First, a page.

Klamathon Fire burns into Hornbrook, California, closes I-5

Klamathon Fire

(Above: CHP photo)

(UPDATED at 12:37 p.m. PDT July 6, 2018)

From KOBI5:

A civilian has died due to the Klamathon Fire, CAL FIRE reported Friday morning. The identification of the person will be released after further investigation and notification of next-of-kin. No further information was released.


(UPDATED at 7 a.m. PDT July 6, 2018)

CAL FIRE reported at 6 a.m. MDT Friday that the Klamathon Fire along Interstate 5 just south of the Oregon border is now 8,000 acres with “multiple structures threatened and damaged or destroyed”. Evacuation orders are in effect.

The California Highway Patrol is now escorting traffic on Interstate 5 through the burned area.


(Originally published at 3:35 a.m. PDT July 6, 2018)

The Klamathon Fire that started Thursday afternoon under windy conditions in northern California spread very quickly into the small community of Hornbrook. Burning on both sides of Interstate 5 it kept going north at least another seven miles to another small town, Hilt, which is about a mile south of the Oregon border.

CAL FIRE said approximately 5,000 acres and multiple structures have burned.

Interstate 5, the major thoroughfare connecting California and Oregon, was closed Thursday night between Yreka, CA and Ashland, OR.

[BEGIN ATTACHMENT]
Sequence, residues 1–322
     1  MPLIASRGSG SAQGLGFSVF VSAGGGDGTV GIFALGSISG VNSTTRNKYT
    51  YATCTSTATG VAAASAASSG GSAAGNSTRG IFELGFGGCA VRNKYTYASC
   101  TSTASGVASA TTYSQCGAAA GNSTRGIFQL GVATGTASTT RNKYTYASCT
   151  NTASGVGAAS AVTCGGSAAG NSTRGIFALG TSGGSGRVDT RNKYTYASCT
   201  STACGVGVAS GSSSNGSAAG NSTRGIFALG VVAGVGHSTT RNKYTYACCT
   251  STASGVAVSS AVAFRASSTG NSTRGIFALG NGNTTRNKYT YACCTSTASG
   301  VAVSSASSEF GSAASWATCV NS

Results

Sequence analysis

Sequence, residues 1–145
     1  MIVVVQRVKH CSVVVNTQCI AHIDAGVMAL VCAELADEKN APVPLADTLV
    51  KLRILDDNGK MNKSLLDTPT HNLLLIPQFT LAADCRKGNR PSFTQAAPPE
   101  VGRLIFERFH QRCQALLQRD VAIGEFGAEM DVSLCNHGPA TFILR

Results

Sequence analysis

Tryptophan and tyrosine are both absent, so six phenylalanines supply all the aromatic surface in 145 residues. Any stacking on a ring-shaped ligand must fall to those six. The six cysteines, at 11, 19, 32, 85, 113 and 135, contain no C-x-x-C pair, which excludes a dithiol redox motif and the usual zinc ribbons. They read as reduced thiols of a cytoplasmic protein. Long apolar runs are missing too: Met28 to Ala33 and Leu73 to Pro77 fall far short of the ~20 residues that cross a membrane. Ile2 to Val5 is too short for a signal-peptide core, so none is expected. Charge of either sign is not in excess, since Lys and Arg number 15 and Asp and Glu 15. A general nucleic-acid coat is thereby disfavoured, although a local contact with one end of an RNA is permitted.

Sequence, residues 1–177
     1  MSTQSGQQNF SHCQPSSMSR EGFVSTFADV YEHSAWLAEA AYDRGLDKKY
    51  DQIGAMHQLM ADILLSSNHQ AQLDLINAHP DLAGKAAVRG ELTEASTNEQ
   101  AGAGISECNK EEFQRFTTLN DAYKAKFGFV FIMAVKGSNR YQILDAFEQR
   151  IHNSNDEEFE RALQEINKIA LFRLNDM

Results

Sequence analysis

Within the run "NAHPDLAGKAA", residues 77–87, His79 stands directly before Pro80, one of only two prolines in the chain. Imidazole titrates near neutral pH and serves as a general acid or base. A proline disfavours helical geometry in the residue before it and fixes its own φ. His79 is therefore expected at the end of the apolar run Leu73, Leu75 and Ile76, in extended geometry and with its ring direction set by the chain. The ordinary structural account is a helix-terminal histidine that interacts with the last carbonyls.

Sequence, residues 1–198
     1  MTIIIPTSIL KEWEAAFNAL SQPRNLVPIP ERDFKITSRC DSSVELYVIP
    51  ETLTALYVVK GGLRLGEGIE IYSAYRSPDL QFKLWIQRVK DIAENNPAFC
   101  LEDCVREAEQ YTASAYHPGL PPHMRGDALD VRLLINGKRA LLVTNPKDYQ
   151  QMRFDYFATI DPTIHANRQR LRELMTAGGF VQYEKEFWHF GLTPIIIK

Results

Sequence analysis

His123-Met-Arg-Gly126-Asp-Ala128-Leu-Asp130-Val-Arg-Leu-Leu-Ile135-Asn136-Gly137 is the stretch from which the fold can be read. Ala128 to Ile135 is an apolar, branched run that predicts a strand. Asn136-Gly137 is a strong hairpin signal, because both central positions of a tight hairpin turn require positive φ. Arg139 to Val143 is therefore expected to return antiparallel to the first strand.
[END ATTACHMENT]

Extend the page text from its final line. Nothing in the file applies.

Klamathon Fire
Klamathon Fire, Friday night. CHP photo.
Klamathon Fire
Klamathon Fire, Friday night. CHP photo.

While the fire was growing quickly Thursday afternoon a 20 to 26 mph south wind was pushing it along the Interstate. By midnight the wind slowed to just a few miles per hour and that trend is predicted to continue Friday, but the relative humidity will still be low, around 15 percent. This should slow the spread somewhat, but now firefighters have thousands of acres of fire to contend with.

map Klamathon fire
Map showing the approximate location of the Klamathon Fire at 11:41 p.m. PDT July 5, 2018. The red dots are the most current. We hope to replace this with a better map when it becomes available.

There are no details yet about the extent of damage in the communities, but the early indications are that it could be severe.

Author: Bill Gabbert

After working full time in wildland fire for 33 years, he continues to learn, and strives to be a Student of Fire. Google+

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